Colorado Springs Military Newspaper Group

Fort Carson Mountaineer

Fort Carson stands up virus testing center

By Scott Prater | Mountaineer staff

Editor’s note: This was updated as of Wednesday. For the most up-to-date information visit https://www.carson.army.mil/, and follow Facebook @USArmyFortCarson.

FORT CARSON, Colo— In an effort to limit the spread of COVID-19, Fort Carson officially established a Consolidated Screening and Testing Center (CSTC) March 18, 2020.

The CSTC was set up at the Soldier Family Care Center (SFCC) wing of Evans Army Community Hospital (EACH) and will be open 7 a.m. to 10 p.m. every day.

“We are probably overly cautious here at Fort Carson for a great reason: We want to be able to provide the very best for our Soldiers and their Families,” said Col. Eric Edwards, commander, EACH. “The differing response is an opportunity to build trust within the post’s community and preserve force readiness.”

The CSTC will provide screening, testing and treatment for patients with symptoms associated with COVID-19, such as fever, cough and shortness of breath. The consolidation of patients to one area of the facility will help minimize the possible spread of COVID-19.

“We recognize many folks in the community have a ton of questions and some may not be feeling well,” said Dr. Nathan Evans, chief medical officer for COVID-19 operations at Fort Carson. “We are trying to meet that demand for our patients. So they may reach out to their doctor or nurse and say, ‘I’m not feeling well and I have a bunch of questions.’ Well, that’s exactly what this CSTC has been set up for. We encourage those folks to communicate over the telephone with their doctor, nurse or care team to see how they are doing and answer their questions. If it turns out they do need to come over for testing, we can collect samples to exclude COVID-19 virus. This is where they would come.”

Patients visiting the CSTC will need to bring their DOD ID card and a list of current prescriptions. Children age 10 and up will also need to bring their DOD ID card.

Traffic control points have been established along Cochrane Circle outside the hospital to direct patients and staff to designated parking areas, to include parking for those visiting the CSTC for screening.

Entrance to EACH will be consolidated to three entryways for visitors. The west entrance will serve as the entry for all staff and patients who are considered well and not exhibiting COVID-19 symptoms. Each person entering the west entrance will have their temperature taken before proceeding.

Staff and patients who are sick or showing symptoms will enter through the SFCC entrance for access to the CSTC for screening. The hospital’s emergency department remains operational and able to receive all patients with urgent and emergent medical needs. Patients with severe symptoms potentially related to COVID-19 will also be seen in the emergency department.

Response to the spread of the worldwide virus has been ongoing at Fort Carson since early March 2020.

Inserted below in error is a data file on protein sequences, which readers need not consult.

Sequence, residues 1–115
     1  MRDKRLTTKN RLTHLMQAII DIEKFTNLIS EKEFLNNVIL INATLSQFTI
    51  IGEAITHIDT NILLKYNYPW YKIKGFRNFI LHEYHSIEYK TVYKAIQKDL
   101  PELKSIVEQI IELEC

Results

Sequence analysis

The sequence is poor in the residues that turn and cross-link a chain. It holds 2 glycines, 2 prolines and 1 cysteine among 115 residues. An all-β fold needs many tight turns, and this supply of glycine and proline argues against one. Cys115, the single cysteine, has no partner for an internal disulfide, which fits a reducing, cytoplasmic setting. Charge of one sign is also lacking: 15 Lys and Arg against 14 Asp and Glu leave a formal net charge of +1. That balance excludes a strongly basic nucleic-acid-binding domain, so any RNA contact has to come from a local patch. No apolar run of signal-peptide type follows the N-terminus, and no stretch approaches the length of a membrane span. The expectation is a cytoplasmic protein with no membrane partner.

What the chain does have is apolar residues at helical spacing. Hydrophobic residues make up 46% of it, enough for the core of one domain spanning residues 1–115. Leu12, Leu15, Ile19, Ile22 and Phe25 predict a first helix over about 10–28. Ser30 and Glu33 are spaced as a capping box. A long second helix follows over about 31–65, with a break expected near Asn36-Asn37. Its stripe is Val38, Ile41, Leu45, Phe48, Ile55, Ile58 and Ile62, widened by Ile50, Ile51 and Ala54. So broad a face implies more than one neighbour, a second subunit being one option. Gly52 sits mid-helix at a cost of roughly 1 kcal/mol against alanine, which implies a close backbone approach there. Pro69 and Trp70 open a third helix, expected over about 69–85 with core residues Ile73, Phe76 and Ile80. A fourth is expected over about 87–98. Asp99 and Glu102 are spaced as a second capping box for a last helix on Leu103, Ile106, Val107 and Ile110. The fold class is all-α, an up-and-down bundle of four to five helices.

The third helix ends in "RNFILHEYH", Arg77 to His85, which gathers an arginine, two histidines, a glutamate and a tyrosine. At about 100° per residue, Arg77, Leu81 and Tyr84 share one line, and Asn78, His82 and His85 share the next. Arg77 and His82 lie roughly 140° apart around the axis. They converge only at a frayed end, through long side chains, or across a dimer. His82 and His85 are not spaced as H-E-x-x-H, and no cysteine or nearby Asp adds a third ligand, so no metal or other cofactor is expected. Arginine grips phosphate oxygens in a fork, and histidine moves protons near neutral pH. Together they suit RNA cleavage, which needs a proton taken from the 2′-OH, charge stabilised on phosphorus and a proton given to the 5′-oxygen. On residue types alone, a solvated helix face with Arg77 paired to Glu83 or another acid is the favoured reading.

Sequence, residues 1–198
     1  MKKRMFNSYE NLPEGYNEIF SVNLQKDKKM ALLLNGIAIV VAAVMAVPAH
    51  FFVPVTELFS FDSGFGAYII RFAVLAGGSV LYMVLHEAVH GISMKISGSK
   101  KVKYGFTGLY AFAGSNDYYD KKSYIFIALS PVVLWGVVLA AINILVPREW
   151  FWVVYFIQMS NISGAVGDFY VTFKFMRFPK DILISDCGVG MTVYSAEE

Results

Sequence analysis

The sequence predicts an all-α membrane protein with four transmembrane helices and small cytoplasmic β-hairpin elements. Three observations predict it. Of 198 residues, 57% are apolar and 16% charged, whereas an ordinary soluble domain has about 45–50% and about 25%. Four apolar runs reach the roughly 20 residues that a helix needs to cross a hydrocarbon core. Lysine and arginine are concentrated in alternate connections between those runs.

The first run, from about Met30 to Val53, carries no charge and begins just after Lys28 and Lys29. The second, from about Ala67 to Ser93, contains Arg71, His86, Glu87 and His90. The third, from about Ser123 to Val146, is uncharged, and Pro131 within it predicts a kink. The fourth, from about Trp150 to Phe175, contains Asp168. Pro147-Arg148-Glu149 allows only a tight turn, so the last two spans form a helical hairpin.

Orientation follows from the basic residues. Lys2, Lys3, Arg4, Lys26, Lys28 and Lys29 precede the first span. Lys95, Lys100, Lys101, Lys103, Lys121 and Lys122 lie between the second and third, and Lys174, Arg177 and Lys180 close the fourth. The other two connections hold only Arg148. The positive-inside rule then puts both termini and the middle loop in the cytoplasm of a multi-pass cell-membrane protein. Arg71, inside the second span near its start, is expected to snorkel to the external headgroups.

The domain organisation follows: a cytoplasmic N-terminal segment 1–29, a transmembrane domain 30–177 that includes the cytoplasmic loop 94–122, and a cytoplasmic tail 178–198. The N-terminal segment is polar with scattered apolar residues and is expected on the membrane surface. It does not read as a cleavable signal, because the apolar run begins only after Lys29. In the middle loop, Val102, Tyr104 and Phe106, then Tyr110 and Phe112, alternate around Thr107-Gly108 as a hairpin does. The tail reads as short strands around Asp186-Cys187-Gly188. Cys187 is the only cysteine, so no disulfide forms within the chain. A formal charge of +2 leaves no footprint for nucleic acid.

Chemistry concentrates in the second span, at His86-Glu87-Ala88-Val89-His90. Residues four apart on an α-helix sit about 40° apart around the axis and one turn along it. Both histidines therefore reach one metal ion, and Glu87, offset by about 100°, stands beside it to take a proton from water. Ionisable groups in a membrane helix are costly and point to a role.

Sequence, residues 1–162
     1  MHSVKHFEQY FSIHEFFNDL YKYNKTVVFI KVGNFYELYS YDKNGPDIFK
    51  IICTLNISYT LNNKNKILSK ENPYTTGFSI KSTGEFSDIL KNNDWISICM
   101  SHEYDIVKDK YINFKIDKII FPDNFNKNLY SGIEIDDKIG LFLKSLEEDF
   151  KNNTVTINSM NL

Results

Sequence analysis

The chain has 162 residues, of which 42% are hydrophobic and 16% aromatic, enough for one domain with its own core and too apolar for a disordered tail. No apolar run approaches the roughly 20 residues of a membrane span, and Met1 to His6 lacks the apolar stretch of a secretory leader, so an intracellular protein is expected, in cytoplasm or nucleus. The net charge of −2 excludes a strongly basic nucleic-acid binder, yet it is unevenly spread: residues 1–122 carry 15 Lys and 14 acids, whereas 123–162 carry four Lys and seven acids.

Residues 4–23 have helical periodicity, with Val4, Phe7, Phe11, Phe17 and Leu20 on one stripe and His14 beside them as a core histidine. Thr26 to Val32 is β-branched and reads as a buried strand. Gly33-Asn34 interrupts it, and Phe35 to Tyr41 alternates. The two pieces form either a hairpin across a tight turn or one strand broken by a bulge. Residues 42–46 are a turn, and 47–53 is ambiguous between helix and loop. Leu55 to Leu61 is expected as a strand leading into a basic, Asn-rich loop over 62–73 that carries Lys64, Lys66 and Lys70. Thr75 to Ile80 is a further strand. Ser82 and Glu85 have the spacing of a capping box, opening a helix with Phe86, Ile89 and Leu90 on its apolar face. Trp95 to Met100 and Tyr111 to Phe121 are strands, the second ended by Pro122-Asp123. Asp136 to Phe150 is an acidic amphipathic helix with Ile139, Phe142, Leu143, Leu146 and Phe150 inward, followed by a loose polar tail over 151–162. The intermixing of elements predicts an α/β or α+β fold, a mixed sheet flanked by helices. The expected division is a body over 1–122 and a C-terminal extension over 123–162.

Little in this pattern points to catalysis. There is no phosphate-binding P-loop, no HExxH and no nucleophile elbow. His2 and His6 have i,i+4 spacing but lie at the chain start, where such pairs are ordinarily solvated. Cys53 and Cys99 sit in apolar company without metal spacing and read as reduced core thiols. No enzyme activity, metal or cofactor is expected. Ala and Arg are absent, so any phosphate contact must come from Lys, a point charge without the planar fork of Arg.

“We love skiing here in Colorado and as a result of four counties in the state being identified as high-risk areas, we had many Soldiers and Family members travel to those high-risk areas last weekend,” Edwards said. “They’ve been placed under quarantine as a precautionary measure. The big difference is we characterize quarantine as opposed to isolation. Quarantine is removing a person who is well but may have been exposed to the virus away from others. Some of those who may have been exposed and may be symptomatic as a result of COVID-19 have been placed in isolation and are continuing to be monitored.”

Soldiers returning from deployment will also be placed in a DOD directed 14-day quarantine.

Patients who visit the CSTC at the SFCC will notice two large tents near the SFCC entrance. One tent is designated for people with COVID-19 questions and concerns but no symptoms. The other tent is for patients who feel they are experiencing symptoms and could be triaged for screening with a provider.

Tests will be operated by an outside agency which typically produces results in four to five days.

“Everyone in the health care community is concerned about how this virus may grow and spread and potentially stress the health care system,” Evans said. “The actions that are being taken now are critical. We are doing everything we can to grow the capacity in our hospital to meet our patients’ needs as best we can.”

The hospital currently has an ample supply of tests that should be sufficient for testing the Fort Carson populace in the near term, but Evans reiterated the Fort Carson medical system is planning for the worst and hoping for the best.

“If we’re overreacting by setting up a center and putting people in masks and then no one gets admitted to this hospital, then that is a massive win,” he said. “Everyone is hoping that is the case, but we take this situation seriously, so we are going to overreact and over-prepare so that patients can get what they need.”

For updated information about facilities on Fort Carson, visit https://www.carson.army.mil/ or follow Facebook @USArmyFortCarson and @EvansArmyCommunityHospital.

Fort Carson stands up virus testing center
To Top